Definition of mardle in English:

mardle

(also mairdle, merdle, mardel)

noun

Scottish
  • A rabble; an unruly crowd, a group of hangers-on.

noun

English Regional, East Anglian
  • Chat, gossip; an instance of this.

noun

English Regional, East Anglian
  • A pond, especially one used to water cattle.

verb

English Regional, East Anglian
  • no object To gossip, chat; to pass time in this way.

Origin

Late 15th century; earliest use found in St. Ninian. From Middle French merdaille from merde + -aille<br>mid 19th century; earliest use found in William Spurdens (d. 1855). Probably from mardle, if the reverse is not the case<br>mid 19th century. Probably from French (obsolete) mardelle brim or border of a well, fountain, spring, etc., variant of margelle from a post-classical Latin derivative of classical Latin margin-, margō<br>mid 19th century; earliest use found in Notes and Queries. Origin uncertain; perhaps imitative. Compare -le.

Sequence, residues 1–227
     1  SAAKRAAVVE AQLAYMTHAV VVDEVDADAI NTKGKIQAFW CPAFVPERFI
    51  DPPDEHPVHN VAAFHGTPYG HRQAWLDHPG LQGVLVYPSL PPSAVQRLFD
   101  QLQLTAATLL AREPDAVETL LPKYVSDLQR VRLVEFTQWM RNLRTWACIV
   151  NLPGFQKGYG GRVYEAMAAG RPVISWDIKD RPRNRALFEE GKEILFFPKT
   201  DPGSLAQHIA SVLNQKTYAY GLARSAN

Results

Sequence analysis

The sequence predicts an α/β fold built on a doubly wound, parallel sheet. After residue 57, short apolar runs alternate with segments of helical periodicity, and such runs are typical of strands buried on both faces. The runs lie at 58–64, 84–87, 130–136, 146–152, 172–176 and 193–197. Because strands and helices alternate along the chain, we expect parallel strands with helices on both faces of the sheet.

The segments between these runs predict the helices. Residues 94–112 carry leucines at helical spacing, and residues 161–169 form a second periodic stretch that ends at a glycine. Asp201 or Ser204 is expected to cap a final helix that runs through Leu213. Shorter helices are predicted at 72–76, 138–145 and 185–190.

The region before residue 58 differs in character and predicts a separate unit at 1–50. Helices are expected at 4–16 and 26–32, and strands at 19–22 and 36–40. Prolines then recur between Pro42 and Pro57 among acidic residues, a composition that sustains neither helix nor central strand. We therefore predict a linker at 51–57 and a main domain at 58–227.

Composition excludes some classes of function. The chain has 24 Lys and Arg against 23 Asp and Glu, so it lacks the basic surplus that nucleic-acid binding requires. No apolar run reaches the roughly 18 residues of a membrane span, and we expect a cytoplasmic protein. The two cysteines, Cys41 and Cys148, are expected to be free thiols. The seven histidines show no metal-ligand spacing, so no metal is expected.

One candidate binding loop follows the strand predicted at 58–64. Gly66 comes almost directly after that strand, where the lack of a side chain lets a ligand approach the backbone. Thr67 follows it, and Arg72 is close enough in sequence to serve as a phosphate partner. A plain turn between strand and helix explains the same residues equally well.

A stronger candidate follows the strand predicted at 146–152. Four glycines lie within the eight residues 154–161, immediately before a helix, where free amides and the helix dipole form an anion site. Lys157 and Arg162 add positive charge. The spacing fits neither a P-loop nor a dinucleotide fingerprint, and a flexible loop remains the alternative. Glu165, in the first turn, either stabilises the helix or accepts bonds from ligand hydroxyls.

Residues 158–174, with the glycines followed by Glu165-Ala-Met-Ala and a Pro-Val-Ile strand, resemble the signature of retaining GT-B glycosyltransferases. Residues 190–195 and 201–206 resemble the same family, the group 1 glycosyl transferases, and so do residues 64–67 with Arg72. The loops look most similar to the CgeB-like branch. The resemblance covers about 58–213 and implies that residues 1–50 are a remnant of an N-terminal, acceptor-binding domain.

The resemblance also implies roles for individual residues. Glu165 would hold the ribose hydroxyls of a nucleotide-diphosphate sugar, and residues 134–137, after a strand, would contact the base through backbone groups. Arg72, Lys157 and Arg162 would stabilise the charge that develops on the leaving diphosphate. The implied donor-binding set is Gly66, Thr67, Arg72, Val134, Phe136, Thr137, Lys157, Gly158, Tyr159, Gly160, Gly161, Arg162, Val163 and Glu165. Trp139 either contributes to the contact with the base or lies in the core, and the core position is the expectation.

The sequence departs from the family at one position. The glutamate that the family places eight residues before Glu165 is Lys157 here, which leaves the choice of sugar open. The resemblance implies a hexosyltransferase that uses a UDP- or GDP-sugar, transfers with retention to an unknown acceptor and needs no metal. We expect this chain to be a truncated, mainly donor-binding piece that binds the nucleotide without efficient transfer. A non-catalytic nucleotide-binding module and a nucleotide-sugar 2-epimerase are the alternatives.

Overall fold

Pronunciation

mardle

/ˈmɑːd(ə)l/